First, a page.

– also spelled Segal – was born in Saharanpur, Uttar Pradesh, India, on 27 April, 1912.
According to the Hindustan Times
, as a young woman she travelled with one of her uncles “to England by road ‘in an old Dodge car through Afghanistan and Iran’ to train as an actor”.
Speaking to the paper
, the centenarian recalls the journey in detail: “I sat in the front with my uncle. A young man sat at the back.” After arriving in Egypt, Sehgal caught a boat to Europe and then on to Britain.
During the birthday celebrations on Friday, a biography detailing her amazing life and career was unveiled by Gursharan Kaur, the wife of Manmohan Singh, Prime Minister of India.
The book – Zohra Sehgal: Fatty
– is a pictorial monogram written by Sehgal’s daughter, Kiran Segal.
Segal explained to those in attendance that “Fatty” is an endearment used by her to describe her “weight-conscious mother [who] is very particular about her figure like a 16-year-old starlet”.
Trending on Twitter
Many members of the actor’s extended family were there to help Sehgal celebrate, to whom she said, “Ao, ao, yeh mauka aur nahin milega
[Come, come, you will not get this opportunity again].”
Guests were then given a viewing of a new documentary – Zohra Segal: An Interview 2012
– which has been produced by M. K. Raina and Anant Raina. The film consists of a lengthy conversation with the actor and includes family photographs and old film footage of her early acting career.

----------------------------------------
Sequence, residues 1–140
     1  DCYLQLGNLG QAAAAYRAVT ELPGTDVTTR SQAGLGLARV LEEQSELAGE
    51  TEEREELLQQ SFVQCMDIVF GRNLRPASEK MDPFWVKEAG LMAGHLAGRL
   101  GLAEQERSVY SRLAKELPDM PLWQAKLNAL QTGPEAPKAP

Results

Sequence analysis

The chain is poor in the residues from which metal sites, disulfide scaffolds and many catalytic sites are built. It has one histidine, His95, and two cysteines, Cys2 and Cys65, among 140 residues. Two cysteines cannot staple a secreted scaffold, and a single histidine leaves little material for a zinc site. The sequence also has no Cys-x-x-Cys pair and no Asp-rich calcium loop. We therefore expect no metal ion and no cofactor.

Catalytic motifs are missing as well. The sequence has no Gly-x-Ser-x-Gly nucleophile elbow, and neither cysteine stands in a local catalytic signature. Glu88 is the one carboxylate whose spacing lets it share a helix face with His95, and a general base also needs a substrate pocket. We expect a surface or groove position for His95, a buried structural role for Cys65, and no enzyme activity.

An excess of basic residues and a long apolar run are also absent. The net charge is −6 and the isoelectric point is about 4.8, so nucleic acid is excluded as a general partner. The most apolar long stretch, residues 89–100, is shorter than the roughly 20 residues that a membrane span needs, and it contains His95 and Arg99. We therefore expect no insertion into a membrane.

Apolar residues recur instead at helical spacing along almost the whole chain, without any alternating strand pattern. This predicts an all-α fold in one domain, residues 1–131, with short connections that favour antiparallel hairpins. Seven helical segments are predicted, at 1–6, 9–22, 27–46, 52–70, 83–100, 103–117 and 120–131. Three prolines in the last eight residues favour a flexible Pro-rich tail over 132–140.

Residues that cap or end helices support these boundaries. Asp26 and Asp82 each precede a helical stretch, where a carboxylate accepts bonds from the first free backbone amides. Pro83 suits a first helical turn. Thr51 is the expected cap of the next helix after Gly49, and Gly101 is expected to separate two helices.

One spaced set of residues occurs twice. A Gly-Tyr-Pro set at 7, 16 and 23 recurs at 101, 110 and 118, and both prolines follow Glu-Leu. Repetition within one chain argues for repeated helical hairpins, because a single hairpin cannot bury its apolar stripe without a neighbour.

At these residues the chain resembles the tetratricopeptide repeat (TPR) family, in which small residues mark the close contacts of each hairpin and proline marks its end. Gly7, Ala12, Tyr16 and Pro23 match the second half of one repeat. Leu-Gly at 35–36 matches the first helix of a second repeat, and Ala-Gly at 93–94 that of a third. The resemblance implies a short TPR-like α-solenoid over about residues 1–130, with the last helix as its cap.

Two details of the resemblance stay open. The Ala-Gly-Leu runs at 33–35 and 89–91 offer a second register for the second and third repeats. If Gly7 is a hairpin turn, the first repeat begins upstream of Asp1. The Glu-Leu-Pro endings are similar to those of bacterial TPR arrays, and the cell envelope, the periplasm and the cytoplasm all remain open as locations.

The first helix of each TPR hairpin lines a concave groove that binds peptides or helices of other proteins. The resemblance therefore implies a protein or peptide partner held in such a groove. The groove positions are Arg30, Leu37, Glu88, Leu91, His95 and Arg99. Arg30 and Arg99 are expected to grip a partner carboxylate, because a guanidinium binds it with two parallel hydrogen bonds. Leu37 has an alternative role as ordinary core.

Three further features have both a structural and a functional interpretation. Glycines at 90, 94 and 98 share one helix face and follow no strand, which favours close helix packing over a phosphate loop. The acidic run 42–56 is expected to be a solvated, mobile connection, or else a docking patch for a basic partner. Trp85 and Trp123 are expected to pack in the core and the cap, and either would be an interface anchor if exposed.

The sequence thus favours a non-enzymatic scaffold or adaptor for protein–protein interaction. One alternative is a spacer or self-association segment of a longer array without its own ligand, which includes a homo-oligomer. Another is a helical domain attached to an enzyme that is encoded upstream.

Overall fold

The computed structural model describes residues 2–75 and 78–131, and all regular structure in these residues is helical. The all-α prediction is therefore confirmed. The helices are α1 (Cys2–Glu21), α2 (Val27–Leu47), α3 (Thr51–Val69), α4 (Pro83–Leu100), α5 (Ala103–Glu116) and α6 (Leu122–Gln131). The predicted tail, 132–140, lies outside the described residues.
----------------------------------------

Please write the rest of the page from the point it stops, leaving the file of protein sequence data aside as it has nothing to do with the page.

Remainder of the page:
Meanwhile, Hindustan Times Tabloid
reported that Sehgal trended on Twitter
as people took to the micro-blogging site to wish her well.
Sehgal is a well-known stage and film actor in India and the UK. In the West, she is best known for her parts in a number of movies, including Meera Syal’s Bhaji on the Beach
(1992), Bend It Like Beckham
and another Meera Syal-penned film Anita and Me
(both 2002) and Merchant Ivory’s The Mystic Masseur
(2001). In Bollywood, her films include Dil Se..
(1998) and Cheeni Kum
In 1984, she was cast as Lady Chatterjee in the epic television adaptation of The Jewel in the Crown
; and from 1985 to 1987, she appeared in Tandoori Nights
From Saharanpur to Gallifrey
To Doctor Who
fans, Seghal is fondly remembered
for two parts she played, when William Hartnell was the First Doctor, in the early days of the science-fiction drama – Marco Polo
(1964) and The Crusade
Seghal is a keen supporter of SAHMAT
– the Safdar Hashmi Memorial Trust – which was set up in honour of Safdar Hashmi
, the actor, playwright and street theatre activist who was murdered in 1989
Sehgal was then presented with gifts from family, friends and admirers, which included a bouquet of 101 roses, a huge birthday cake, a commemorative SAHMAT photograph and a painting by the director-general of Indian Council for Cultural Relations.
Having moved back to India in the mid-1990s, Seghal now lives with her daughter, Kiran, in Delhi.